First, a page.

People hear the terms animal shelter and animal sanctuary a lot. However, many people do not understand the difference. To add to the confusion, animal sanctuaries share characteristics of animal shelters. But they are not the same.

Animal shelters tend to be more temporary and more intrusive. On the other hand, animal sanctuaries tend to serve a more long-term purpose and tend to intrude less on the animals’ natural lifestyle.

Animal shelters are primarily designed for homeless, lost, or abandoned animals. Animal shelters are not always glorified in today’s society. Derogatory names such as “dog pound” are used to describe animal shelters.

Shelters often allow people to adopt animals for personal use. In fact, some shelters will euthanize animals, particularly cats and dogs, if they are not adopted within some time-frame. This approach is becoming less popular in recent years as many shelters are now adopting a “no-kill” policy. “No-kill” animal shelters are gaining popularity since the late 90s. The main issue with the “no-kill” policy is that some animal shelters do not have enough resources to many house animals simultaneously. Most shelters primarily house dogs and cats and rarely have exotic or rare animals such as wildcats living there. However, that is not always the case. Rare domestic cats and dogs frequent certain shelters periodically. In many locations, animal control agencies bring animals to the shelters.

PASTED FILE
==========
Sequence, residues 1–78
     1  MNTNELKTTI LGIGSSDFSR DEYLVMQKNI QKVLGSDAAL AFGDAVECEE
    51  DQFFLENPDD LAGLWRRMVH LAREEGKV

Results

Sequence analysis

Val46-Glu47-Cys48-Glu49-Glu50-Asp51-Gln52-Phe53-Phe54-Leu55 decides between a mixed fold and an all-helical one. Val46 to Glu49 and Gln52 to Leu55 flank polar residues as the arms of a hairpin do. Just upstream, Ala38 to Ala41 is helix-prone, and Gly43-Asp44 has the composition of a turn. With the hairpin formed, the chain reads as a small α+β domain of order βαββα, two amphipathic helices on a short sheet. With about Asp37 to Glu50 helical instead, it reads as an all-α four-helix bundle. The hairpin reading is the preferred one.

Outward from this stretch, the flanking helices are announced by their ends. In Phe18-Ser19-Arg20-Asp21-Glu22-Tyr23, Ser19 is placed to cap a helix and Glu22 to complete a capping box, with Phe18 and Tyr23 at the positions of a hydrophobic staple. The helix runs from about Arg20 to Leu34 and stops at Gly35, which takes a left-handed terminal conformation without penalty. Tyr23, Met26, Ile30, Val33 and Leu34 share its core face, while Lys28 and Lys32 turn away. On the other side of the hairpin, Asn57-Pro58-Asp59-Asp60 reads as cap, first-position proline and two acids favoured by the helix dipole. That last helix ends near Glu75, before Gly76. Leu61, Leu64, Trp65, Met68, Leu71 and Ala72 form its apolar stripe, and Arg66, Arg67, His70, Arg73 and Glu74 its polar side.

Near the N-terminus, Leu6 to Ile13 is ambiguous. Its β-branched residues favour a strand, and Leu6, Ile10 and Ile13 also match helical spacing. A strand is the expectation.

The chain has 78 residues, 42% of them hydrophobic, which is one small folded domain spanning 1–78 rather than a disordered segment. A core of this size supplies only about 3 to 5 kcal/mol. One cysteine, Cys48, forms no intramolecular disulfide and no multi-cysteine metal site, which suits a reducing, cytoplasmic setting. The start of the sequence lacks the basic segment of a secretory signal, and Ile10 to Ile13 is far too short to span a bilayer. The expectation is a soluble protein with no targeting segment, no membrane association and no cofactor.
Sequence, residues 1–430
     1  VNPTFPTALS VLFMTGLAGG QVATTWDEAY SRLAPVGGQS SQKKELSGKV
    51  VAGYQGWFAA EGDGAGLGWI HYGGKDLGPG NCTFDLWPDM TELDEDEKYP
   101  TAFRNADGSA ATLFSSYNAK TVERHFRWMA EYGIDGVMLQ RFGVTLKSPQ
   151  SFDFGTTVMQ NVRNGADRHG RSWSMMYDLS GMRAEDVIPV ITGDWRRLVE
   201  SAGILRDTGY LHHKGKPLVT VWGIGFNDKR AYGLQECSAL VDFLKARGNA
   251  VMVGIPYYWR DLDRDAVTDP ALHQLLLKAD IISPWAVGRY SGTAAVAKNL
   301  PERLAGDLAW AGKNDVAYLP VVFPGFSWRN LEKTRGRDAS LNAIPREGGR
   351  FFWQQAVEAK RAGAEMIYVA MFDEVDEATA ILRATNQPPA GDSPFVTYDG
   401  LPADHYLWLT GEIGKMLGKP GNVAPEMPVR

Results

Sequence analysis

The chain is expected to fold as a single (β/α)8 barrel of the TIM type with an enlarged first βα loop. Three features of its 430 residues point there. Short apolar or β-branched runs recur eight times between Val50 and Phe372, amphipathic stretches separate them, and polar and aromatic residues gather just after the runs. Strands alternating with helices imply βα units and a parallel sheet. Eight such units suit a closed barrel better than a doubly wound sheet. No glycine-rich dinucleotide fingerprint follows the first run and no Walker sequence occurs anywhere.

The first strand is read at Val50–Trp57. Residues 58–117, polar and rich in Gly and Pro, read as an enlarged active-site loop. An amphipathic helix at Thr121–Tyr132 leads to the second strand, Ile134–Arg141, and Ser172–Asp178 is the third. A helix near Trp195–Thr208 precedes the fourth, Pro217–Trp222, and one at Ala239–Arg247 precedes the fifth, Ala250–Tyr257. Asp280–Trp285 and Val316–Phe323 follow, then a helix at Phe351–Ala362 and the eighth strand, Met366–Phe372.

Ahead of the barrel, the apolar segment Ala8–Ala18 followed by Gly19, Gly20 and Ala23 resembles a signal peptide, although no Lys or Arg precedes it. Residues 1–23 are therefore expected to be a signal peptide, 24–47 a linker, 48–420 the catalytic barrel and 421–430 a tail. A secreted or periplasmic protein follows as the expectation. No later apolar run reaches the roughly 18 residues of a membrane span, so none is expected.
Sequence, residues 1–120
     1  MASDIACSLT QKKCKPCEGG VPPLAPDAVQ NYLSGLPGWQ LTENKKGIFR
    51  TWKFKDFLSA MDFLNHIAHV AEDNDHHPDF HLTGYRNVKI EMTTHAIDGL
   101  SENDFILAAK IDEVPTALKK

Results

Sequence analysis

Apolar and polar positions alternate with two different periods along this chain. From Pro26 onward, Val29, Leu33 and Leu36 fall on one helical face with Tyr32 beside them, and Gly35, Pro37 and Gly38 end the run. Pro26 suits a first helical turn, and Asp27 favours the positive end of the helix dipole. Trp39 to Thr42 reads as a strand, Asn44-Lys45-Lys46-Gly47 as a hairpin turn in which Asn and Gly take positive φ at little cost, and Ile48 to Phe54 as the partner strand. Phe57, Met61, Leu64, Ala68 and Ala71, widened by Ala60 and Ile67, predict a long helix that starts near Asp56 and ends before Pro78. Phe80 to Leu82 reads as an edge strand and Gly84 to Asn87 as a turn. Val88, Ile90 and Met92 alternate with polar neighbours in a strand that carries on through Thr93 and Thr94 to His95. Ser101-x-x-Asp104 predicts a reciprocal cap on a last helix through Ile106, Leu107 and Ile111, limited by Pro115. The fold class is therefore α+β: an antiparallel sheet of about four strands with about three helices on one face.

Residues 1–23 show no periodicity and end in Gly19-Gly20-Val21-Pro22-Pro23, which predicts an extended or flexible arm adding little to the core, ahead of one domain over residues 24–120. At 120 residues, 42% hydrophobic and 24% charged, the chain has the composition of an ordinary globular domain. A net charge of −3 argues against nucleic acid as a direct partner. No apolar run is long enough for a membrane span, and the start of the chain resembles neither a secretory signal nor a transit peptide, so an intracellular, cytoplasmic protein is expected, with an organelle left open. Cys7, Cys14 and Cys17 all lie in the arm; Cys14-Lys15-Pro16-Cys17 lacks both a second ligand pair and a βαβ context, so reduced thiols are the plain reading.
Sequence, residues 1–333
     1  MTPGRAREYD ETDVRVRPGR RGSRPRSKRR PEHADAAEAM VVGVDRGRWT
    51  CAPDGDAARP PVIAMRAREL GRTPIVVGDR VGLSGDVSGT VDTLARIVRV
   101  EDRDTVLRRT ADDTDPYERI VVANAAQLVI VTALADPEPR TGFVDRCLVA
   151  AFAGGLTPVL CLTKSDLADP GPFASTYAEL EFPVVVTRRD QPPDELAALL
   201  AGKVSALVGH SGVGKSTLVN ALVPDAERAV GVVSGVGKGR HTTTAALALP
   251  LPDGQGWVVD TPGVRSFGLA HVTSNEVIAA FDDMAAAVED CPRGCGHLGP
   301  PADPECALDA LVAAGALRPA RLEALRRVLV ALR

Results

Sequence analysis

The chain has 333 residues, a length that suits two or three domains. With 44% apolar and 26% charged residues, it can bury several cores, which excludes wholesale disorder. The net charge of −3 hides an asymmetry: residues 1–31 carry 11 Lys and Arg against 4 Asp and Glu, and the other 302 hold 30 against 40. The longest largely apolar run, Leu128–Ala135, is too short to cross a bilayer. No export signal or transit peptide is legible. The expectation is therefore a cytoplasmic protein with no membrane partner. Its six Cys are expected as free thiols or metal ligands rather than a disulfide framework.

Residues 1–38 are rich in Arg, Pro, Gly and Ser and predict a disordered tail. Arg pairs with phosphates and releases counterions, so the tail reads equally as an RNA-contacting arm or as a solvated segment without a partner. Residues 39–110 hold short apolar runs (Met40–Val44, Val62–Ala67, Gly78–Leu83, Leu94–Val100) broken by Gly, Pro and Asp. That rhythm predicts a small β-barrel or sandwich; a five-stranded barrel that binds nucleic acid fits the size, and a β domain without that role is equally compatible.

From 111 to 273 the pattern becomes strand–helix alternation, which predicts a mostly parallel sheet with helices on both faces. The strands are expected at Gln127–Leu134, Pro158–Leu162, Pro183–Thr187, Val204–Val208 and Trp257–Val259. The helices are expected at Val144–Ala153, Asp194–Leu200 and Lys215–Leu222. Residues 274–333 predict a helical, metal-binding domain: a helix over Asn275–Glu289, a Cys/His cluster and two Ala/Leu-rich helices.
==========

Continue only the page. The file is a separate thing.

Unlike animal shelters, wildlife sanctuaries provide a permanent residence to animals. Their goal is not adoption and they will not euthanize any animal just because it was there for too long. Wildlife sanctuaries tend to house rare and endangered species rather than domestic cats and dogs. An example of an animal sanctuary is the Catty Shack Wildlife Sanctuary in Jacksonville, Florida. This sanctuary houses threatened wildcats from all parts of the world.

Sanctuaries such as Catty Shack try to be very non-intrusive. Many but not all animal sanctuaries allow visitors. The sanctuaries that do allow visitors exercise more supervision of visitors than zoos and shelters do. Some animal sanctuaries allow researchers to visit. However, testing on animals is almost always forbidden. Since the main purpose of sanctuaries is to provide safe-haven for endangered animals, wildlife sanctuaries rarely sell, or trade animals. Some wildlife reserves allow “adoption”. However, adoption at sanctuaries typically involves donation rather than a physical removal of the animals from their habitat.

Source by Anton Lebedev